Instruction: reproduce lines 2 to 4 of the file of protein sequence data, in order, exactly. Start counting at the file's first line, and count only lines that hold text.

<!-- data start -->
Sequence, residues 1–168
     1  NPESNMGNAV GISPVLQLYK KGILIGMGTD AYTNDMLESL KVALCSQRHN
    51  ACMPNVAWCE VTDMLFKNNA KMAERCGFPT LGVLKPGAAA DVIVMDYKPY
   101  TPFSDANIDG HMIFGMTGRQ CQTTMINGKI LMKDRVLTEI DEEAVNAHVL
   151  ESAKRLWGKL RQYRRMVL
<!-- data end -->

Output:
     1  NPESNMGNAV GISPVLQLYK KGILIGMGTD AYTNDMLESL KVALCSQRHN
    51  ACMPNVAWCE VTDMLFKNNA KMAERCGFPT LGVLKPGAAA DVIVMDYKPY
   101  TPFSDANIDG HMIFGMTGRQ CQTTMINGKI LMKDRVLTEI DEEAVNAHVL